Ships and Boats
Ships and Boats
Alfred Wallis was born in Devon in 1855. In the 1870’s he had been a ‘mariner, merchant service’, crossing the Atlantic and later working in the smaller fishing boats closer to shore before becoming a scrap-metal merchant in St. Ives. In 1922, and with no art training, Wallis took up painting ‘for company’ after the death of his wife.
Wallis had little money and mainly painted on found bits of card and discarded packaging. Using household and ship paint from the supply store in St. Ives, Wallis painted ships and boats, seascapes and villages of Cornwall in a limited supply of colours. Wallis painted 6 days a week, producing hundreds of works.
Wallis was approached by Ben Nicolson and Christopher Wood in 1928 when the London artists were visiting St. Ives. They championed his work back in London and included him in the Seven & Five Society’s exhibition in 1929.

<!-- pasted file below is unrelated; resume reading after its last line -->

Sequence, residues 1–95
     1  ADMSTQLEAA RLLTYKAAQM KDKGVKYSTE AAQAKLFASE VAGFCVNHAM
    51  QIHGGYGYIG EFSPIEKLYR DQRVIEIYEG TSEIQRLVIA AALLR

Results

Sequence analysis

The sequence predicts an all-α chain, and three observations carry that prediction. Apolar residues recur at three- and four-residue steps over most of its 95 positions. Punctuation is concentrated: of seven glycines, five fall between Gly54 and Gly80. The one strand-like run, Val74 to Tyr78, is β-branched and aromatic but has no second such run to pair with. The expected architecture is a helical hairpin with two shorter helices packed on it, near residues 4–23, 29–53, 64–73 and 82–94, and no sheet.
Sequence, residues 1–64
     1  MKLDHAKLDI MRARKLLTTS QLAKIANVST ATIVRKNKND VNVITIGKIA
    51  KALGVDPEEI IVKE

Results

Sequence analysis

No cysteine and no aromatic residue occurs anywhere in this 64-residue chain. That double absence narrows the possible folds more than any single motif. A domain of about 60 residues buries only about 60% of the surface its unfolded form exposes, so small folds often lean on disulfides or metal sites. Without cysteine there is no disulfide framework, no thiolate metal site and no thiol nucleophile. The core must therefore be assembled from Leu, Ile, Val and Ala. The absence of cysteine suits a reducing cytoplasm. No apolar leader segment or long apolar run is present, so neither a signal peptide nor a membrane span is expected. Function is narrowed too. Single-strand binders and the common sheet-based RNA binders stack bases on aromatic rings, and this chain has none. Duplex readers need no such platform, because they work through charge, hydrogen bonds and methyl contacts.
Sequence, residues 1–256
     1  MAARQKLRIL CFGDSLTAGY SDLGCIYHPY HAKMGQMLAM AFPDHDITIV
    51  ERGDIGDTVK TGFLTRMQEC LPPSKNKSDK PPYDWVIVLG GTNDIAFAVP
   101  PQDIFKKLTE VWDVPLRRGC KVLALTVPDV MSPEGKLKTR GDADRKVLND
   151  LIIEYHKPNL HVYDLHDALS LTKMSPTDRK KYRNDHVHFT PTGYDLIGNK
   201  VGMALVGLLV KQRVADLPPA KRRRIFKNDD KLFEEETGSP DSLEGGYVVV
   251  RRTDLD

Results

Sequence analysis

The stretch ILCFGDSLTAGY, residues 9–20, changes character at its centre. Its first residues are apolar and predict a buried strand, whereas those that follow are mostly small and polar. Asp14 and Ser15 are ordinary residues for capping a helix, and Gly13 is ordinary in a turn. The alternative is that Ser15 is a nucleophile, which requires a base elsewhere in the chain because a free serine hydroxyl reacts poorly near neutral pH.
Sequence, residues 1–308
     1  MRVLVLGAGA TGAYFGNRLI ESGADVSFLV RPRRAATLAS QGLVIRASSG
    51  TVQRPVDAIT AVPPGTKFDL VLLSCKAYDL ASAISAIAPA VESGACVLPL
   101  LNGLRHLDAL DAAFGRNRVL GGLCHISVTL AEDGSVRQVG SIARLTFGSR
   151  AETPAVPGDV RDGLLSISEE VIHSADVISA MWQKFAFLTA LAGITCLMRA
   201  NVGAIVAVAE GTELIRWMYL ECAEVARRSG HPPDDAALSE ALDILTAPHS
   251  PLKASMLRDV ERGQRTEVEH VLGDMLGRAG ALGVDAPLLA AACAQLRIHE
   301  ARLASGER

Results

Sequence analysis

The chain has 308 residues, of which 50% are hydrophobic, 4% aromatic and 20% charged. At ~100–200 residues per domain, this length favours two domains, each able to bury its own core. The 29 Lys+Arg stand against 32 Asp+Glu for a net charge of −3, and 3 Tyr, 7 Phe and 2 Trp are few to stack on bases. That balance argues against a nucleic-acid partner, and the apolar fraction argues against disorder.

Towards the end of this his life, Wallis become increasingly isolated. He died in Madron poorhouse in 1942.
On display are forty paintings, from the Kettle’s yard reserve collection and paintings from the part of the house which will be closed due to building works. The collection on display shows what Wallis is best known for, from brigantines and sailing boats to tug boats and motor vessels, often battling with unpredictable seas. What shines out in this exhibition is Wallis’ exceptional natural talent.
Alfred Wallis (1855 -1942) is one of the most original and inspiring British artists of the 20th Century. Kettle’s Yard owns nearly 100 works by Alfred Wallis and this exhibition is a great opportunity to see 40 of Wallis’ remarkable paintings, some of which have rarely been shown. This is the first opportunity for over 20 years to see all these works presented together.